1 of 1
Via TEDxYouth YouTube channel
Joris Peels at TEDx 2011Joris Peels speaking at TEDx 2011 in Brussels
Joris Peels at TEDx 2011
When Joris Peels was confirmed to speak at this September's TCT Show + Personalize at the Birmingham NEC, we knew attendees would be in for half an hour of no-holds-barred analysis - with the possibility of heated debates at question time.
Amsterdam-based Peels does not pull his punches and his strong opinions are supported by his experience, which features a roll call of some of the most recognisable names in the industry - namely Shapeways and Materlialise, while he currently works as Voxelfab's freelance consultant for the 3D printing industry.
Peels' knowledge of the technology, the companies that sell it and the people who use it has given him a clear idea of where the 3D printing industry should be going, but he admits the media and some of the market are still on the wrong track. It is this point he wants to make clear at the TCT Show in his presentation Broken Dreams on the Desktop.
"There's a lot of hype on the desktop," he explained. "No desktop 3D printer has a reliability or uptime nearing that of the worst toaster you can buy in all of China."
Peels is, of course, referring to the avalanche of recent desktop 3D printer releases - some of which promise to revolutionise the home by making it possible to print almost anything. Peels argues that, despite the fact the number of people who own such machines are still in the minority, this is the wrong marketing for the technology.
He said of the media and advertisements for such 3D printers that "they overstate capabilities of the machines and underplay problematic things such as build quality and reliability".
"They regularly say 'now you can make anything using this desktop machine'. In the industry we know this is far from being true, but consumers are being sold a dream that cannot be backed up by technology right now," he remarked.
Peels added his concern that unless the "hype honeymoon" is curbed, the industry runs the risk of having the mainstream media turn on it, suggesting the technology "isn't all it's cracked up to be".
In addition to sorting out how 3D printing is conveyed in the media, Peels is interested in tidying up the technology in a more practical way - sorting out the waste produced by machines when builds do not work or produce novelty items that are destined for the bin before long.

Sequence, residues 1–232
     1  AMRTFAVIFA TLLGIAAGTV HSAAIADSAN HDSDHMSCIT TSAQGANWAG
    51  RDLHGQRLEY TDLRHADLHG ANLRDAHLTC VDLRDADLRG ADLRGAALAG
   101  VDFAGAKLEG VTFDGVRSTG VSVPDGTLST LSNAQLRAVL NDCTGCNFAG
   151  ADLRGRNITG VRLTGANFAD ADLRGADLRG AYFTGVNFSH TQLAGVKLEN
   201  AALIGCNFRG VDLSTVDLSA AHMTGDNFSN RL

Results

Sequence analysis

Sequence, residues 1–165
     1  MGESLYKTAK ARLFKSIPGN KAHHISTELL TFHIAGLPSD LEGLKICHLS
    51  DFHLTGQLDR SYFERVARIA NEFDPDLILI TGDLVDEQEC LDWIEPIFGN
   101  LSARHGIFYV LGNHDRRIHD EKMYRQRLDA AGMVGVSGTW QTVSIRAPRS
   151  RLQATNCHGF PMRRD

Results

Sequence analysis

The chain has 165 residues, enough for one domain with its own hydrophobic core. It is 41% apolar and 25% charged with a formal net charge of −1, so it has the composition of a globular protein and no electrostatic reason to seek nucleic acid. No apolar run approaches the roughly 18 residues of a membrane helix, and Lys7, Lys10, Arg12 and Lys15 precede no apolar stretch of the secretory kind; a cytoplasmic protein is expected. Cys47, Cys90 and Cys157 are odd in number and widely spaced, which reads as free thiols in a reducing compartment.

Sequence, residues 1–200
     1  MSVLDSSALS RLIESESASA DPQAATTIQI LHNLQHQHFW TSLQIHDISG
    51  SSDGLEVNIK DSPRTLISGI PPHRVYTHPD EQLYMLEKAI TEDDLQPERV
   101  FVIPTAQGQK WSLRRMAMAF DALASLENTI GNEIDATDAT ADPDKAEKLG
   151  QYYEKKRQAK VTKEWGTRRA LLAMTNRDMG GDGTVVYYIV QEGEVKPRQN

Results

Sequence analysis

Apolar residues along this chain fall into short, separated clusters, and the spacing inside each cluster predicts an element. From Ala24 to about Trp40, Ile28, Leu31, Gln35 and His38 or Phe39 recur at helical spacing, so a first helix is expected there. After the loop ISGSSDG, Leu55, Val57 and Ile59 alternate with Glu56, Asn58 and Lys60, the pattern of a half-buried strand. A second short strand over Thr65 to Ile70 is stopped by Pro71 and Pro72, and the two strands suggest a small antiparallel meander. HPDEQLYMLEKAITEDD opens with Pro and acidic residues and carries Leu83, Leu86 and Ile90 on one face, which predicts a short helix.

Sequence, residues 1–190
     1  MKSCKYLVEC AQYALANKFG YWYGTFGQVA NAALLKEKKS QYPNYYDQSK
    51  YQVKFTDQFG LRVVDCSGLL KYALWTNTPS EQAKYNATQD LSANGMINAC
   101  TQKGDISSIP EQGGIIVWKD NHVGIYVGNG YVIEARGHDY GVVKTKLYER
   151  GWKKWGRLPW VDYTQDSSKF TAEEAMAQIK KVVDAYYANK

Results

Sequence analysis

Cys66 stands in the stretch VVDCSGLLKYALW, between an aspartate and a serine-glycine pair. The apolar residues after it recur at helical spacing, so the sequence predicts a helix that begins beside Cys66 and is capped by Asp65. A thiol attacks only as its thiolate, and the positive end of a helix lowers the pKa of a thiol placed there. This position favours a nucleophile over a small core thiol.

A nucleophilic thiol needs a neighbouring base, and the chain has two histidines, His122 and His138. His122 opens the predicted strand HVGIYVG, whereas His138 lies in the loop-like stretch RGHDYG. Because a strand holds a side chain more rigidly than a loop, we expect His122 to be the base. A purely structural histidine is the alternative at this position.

"A lot of things made with 3D printing are crap, this is why we need filament recyclers and extruders - so we can fail faster for free and without impacting the world negatively. This will improve overall product design," he stated.
More and more 3D printing companies seem keen for the best of 3D printing to be showcased, rather than demonstrating the technology as a push-button revolution and it is likely Peels will have a lot to talk about with his cohorts this September.
Indeed, it is this exchange of ideas that the expert looks forward to when he attends events such as the TCT Show.
"It's a small community and we all like to catch up and exchange knowledge. This makes the entire community more dynamic and knowledgeable.
"It's nice to see machines up close that you haven't seen before. I also love seeing and comparing parts in order to get a better understanding of who can do what and who is actually improving," he stated, adding that the fact there is usually free beer to be had is a bonus.
"[What I want to do is] maybe point out some problems with the dreams of the desktop and point to some possible things we could do to increase adoption of 3D printing," Peels remarked.
Indeed, despite the professional's wishes to ground 3D printing in terms of how it is being presented by the media, Peels has ambitions of his own as to the industry's outlook.
"It's great having machines but they are worthless without [users] having the ability to make exactly what they want," he remarked.
"We need millions of people to be able to design, iterate, modify, customise, individualise and create. This is what will make the machines relevant to humankind."
But even though Peels acknowledges there are holes in the desktop 3D printing vision upheld by some of the large printer manufacturers, he does have a soft spot for some machines.
His work with Envisiontec Bioplotter, he stated, has stoked his desire for one of their machines so he can make circuits and batteries at home, while he noted his "ideal home machine" could also be a Robot Factory One, Formiga, Projet or Connex.
Peels has been very impressed with some of the "unsung" 3D printing projects he has been involved in or heard about lately.
"I was amazed to learn the University of Twente has used additive manufacturing to come up with a concept that would potentially reduce by ninefold the number of laboratory animals used in animal testing. That really made me happy," he said.
He added that Phonak's use of the technology in the production of hearing aids was also worth shouting about.
"Millions of individualised hearing aids are made each year and it's one of the largest applications of additive manufacturing in a consumer-facing product - and the largest example of a true mass customisation product. Amazing stuff but no one knows about it."
Peels noted that he is also excited about the book he is writing that hopes to set out the concepts, applications and limitations of 3D printing for readers who want to learn about the technology.
"I'm at the 100-pages-of-brain-dump stage and now have to organise," he stated.
Whenever the book is published, it is sure to contain plenty of Joris Peels' own brand of analysis and that is precisely why he will make a fantastic TCT Show + Personalize speaker. Registration is now open for those wishing to attend the two-day event, which runs from September 25th-26th.